Consider previous examples such as Online finance flaw: one flaw to rule them all, or the discussion regarding Sage Live.
Enter Baynote, whose offerings include Social Search.
Following the principles of one flaw to rule them all, a single validation error in the q variable found in http://[Insert customer here].com/socialsearch/query?cn=[customer]&cc=us&q= led to numerous Baynote customers falling prey to cross-site scripting.


To their credit, Baynote was responsive and fixed the issue quickly (well done!) but the issue exemplifies ongoing risks to customers and consumers.
To that end, I've offered some common sense guidelines for businesses (in particular finance, but applicable to all) regarding questions to be asked of SaaS provides.
The article is available at SearchFinancialSecurity.com.
This is an issue we all need to pay close attention to. SaaS vendors take on an entirely new level of responsibility with each customer they add. If they treat the process in the same manner that Sage did, trouble awaits in abundance.
Ask the right questions and expect clear, thoughtful concise answers.

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Monday, March 02, 2009

Why PCI DSS is in a continued state of fail

Data breaches abound, half a million sites fall to SQL injection in 2008…the headlines are horrific and leave me to wonder.
Where does the PCI DSS fit in all this, if at all?
According to the WHID report about the rampant SQL injections, 11% of the sites were finance oriented and another 11% were retailers. According to my mad math skillz, that indicates that it is possible that 22% of 500,000 sites that fell to SQL injection attacks last year were beholden to PCI DSS. That’s 110,000 PCI sites that apparently failed to meet a very basic standard.
With my ear to the tracks for ongoing indiscretions, a delightful tidbit hit my radar, courtesy of a cheeky fellow in the UK named Michael Kemp of clappymonkey, who, whilst recently bored, was exploring the PCI Security Standards Council (PCI SSC) website, when lo, what did he find?
Yep…a lovely XSS vulnerability, in all places, the PCI QSA search script.

Mike indicates a swift fix on the part of PCI SSC on his blog, but I must say, this finding lends itself to some serious questions. I simply couldn’t let something this rare pass by unfettered.
1) Why isn’t the PCI SSC applying its own standard to itself? Fortunately, given no apparent forms oriented to taking payment card information on https://www.pcisecuritystandards.org, they’re not beholden to their own standard. But it would seem that a WAF or a review of site code per PCI DSS 1.2 Section 6.6 to prevent cross-site scripting as indicated in PCI DSS 1.2 Section 6.5.1 would be in order, yes?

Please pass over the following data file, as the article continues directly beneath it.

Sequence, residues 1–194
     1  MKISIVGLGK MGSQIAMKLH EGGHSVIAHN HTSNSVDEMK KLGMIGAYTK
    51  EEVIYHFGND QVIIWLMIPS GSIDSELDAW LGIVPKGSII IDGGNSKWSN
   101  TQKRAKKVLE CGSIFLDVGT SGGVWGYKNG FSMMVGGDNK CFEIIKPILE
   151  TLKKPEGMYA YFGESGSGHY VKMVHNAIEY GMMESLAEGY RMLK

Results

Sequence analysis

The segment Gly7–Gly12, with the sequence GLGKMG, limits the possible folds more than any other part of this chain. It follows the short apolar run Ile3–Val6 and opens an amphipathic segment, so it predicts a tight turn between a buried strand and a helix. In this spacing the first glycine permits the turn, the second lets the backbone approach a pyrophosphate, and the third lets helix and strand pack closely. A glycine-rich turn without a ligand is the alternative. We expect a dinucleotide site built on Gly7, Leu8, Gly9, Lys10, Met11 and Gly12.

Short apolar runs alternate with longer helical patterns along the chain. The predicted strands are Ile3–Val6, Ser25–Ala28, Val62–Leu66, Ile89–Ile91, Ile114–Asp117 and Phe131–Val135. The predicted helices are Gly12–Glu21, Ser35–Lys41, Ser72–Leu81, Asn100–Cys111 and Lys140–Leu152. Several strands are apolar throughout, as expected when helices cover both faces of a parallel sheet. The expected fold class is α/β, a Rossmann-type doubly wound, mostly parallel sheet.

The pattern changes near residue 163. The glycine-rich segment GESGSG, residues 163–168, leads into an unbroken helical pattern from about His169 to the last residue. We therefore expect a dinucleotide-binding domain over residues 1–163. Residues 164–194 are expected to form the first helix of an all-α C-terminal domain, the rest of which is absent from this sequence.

2) Are we to believe, if PCI SSC doesn’t adhere to its own standard, that anyone else will, except during the annual audit? As there is little to no enforcement of PCI violations, it seems unlikely that PCI DSS will continue to be any more than a self-congratulatory security check list method with which enterprise can meet minimalist requirements once a year.

Allow me further the point.

CSRF falls under PCI DSS 1.2 Section 6.5.5. As part of my ongoing effort to cure the world of ailing web apps I recently disclosed a CSRF vuln in osCommerce. In discussing that vuln with Mike Bailey, he immediately found and disclosed a similar issue with Zen Cart. A couple of quick Google searches yield extraordinary numbers.
“powered by oscommerce” and “powered by zen cart” returned a combined 11,630,000 results!
Now let’s say for argument’s sake that just half of those results point to a legitimate site running the software (probably a low estimate) for a total of 5,815,000. Let’s further assume, because that both these vulns were disclosed recently, that a large majority of these sites are still running vulnerable code. How about half again? We can therefore surmise that 2,907,500 sites might currently be running code vulnerable to CSRF attacks. For our final assumption, how many of those sites are likely required to meets PCI DSS 1.2 standards. By my calculations…ALL OF THEM. You run osCommerce and Zen Cart to take online orders, paid for by credit cards.

So what then are we to say of PCI DSS in its current state of lax enforcement, double standards, and ill begotten data losses? I say, “For shame." PCI DSS could provide so much more, and offer better protection for the many, from the devious few. A standard is only as good as the extent to which it's enforced. The fact that the PCI SSC site didn't even meet its own standard indicates a significant credibility gap. It is my hope that they'll be reviewing their site regularly in the hopes of avoiding embarrassing and preventable flaws like this.

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Moving blog to HolisticInfoSec.io

toolsmith and HolisticInfoSec have moved. I've decided to consolidate all content on one platform, namely an R markdown blogdown sit...